Juan Agudelo Is the Real Deal, but the US Must Be Careful in How They Handle Him
If you have been following the US National team lately then you have surely heard of Juan Agudelo. Agudelo scored his first international goal in the Nelson Mandela challenge back in November against South Africa. He was only 17 years old. On Saturday, coming on as a second half sub, Agudelo scored the equalizer against Argentina. He now has two goals in three games, and he drew a penalty in his other match for the US National team.
The media is now doing one of the most interesting things with Agudelo, who has just turned 18. They are doing their best to hype him up, while at the same time trying not to hype him at all. Many people are annointing him the next big thing, simply by saying "we can't annoint him the next big thing."
But Agudelo has become the best striker the United States has. His intrduction completely changed the Argentina match, and his link play actually made Jozy Altidore look like a competent striker for the first time in a long time.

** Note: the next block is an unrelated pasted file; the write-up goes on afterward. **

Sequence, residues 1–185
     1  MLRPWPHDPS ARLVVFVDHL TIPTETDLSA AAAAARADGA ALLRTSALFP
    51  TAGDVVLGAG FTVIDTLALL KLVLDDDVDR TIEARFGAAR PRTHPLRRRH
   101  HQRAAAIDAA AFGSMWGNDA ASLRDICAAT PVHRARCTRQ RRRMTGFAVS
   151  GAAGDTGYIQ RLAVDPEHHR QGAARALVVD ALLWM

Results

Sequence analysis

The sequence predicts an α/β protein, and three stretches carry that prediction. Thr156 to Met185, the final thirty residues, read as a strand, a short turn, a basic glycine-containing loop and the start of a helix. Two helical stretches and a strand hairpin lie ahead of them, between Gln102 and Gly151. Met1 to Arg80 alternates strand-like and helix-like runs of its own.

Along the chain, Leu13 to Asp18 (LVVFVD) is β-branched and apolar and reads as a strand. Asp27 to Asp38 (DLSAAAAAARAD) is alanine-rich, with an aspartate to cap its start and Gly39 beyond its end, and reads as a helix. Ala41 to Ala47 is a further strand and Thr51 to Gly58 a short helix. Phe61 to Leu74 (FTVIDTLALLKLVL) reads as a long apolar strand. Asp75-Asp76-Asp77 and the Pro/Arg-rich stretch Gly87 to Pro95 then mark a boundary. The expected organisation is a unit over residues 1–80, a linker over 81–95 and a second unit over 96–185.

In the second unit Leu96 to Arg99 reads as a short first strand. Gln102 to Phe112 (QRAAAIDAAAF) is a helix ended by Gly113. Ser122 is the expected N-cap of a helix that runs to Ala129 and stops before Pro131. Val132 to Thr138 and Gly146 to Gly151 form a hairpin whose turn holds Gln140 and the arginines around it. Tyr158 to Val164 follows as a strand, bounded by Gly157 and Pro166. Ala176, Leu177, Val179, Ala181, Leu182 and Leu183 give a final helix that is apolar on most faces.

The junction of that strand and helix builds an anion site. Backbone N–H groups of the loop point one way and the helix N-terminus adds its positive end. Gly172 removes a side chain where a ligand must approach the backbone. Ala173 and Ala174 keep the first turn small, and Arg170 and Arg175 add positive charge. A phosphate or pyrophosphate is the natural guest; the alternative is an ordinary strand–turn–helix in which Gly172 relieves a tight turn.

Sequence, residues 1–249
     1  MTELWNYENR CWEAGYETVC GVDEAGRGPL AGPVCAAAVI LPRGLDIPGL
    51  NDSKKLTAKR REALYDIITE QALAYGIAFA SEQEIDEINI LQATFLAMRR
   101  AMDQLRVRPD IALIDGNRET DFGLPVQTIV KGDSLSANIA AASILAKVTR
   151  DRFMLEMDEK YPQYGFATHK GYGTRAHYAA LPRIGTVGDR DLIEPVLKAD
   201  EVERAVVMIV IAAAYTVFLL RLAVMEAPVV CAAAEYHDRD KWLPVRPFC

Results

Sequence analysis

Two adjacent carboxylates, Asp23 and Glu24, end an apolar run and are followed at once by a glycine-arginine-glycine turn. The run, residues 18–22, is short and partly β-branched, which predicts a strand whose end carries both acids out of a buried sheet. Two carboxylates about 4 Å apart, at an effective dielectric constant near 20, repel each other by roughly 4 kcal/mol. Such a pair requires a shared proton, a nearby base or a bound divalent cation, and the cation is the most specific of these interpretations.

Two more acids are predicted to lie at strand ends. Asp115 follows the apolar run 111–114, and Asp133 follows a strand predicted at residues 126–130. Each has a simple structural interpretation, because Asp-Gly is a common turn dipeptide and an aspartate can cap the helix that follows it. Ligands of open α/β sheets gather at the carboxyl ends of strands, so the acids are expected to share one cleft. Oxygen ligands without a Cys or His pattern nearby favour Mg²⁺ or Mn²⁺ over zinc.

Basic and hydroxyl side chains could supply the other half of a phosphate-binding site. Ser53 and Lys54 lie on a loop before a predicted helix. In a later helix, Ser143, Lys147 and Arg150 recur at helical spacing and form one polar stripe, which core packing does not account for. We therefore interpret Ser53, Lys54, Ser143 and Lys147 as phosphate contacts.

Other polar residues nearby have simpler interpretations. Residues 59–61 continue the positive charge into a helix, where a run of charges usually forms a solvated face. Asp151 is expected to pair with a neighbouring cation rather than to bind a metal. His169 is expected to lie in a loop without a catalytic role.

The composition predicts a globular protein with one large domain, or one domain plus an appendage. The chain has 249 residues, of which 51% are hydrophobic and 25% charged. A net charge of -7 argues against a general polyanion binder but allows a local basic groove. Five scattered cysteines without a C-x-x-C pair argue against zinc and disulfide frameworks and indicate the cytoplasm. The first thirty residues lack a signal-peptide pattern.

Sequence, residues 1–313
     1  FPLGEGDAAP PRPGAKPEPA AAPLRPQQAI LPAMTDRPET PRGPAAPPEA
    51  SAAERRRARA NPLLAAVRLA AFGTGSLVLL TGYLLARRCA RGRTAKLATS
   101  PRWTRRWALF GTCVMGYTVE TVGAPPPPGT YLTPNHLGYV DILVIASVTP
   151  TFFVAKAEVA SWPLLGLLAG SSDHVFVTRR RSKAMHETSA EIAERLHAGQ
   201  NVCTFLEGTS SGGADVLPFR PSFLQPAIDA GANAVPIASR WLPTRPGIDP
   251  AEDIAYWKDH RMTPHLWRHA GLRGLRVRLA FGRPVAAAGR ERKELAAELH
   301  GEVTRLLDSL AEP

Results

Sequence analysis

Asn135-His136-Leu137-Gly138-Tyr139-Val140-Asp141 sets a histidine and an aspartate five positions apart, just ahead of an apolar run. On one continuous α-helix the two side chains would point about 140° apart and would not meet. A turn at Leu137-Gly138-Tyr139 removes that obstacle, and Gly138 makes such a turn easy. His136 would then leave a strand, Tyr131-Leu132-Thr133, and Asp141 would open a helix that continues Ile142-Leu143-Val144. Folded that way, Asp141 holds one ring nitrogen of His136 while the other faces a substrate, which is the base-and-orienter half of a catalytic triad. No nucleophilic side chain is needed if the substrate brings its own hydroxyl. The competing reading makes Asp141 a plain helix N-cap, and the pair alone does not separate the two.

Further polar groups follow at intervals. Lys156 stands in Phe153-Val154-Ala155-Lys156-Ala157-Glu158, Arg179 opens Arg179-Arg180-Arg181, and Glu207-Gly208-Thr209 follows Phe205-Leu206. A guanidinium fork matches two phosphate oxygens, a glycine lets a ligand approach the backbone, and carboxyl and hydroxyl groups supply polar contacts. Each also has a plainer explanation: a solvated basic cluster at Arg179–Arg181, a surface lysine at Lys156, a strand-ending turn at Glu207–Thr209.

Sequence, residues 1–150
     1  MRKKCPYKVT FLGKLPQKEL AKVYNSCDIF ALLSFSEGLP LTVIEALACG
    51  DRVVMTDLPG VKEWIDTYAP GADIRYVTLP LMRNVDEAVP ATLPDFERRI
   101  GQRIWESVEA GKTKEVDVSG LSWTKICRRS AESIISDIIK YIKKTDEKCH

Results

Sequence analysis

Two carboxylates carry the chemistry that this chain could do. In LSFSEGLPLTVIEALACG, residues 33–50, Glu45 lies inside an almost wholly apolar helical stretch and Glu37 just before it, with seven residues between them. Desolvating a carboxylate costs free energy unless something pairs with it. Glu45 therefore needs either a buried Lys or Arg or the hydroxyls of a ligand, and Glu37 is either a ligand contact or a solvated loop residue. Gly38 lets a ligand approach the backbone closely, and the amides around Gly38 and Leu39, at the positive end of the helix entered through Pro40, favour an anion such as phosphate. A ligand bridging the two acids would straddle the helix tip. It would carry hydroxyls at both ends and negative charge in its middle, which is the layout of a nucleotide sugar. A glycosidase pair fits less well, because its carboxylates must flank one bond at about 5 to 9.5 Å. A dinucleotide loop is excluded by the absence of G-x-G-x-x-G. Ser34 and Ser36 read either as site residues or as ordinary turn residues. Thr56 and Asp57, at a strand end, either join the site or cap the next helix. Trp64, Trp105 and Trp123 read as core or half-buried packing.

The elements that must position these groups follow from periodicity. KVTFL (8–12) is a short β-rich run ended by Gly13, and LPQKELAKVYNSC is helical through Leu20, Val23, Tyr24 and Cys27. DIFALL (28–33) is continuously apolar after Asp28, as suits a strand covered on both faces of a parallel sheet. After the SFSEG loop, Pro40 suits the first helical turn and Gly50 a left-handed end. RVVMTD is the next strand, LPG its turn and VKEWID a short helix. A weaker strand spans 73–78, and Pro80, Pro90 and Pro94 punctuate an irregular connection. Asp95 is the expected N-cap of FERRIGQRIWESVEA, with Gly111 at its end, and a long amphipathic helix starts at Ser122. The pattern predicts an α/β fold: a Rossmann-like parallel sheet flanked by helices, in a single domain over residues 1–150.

Nobody is arguing against the potential that Agudelo has, but people are afraid that he will flame out similar to the way Jozy Altidore, Eddie Johnson, and Freddy Adu all did.
The US needs to be careful with how they treat Agudelo. The other strikers all went to Europe far too soon and stopped playing matches regularly.
The best solution for Agudelo would be to stay in the MLS until he is at least 22 years old, meaning another five seasons for the teen sensation. The US will need to make sure the MLS is on board with this plan and that they won't sell him to a European club no matter how much money is offered.
Playing in the MLS for another five years will allow Agudelo be given consistent first team football. This will help his development and he will be given national team appearances against tougher competition along the way.
When Agudelo is 20 or 21 years old, a Donovan type 10 week loan move to England would be a good idea. However, instead of going to the Premier League, he should be sent one level down to the Championship. There are more games at that level, which will give him more football, and it will still be able to test him against tougher opposition. This should allow Agudelo a chance to keep developing and keep improving his game, without having him flame out like the other young strikers the US has had in the past.
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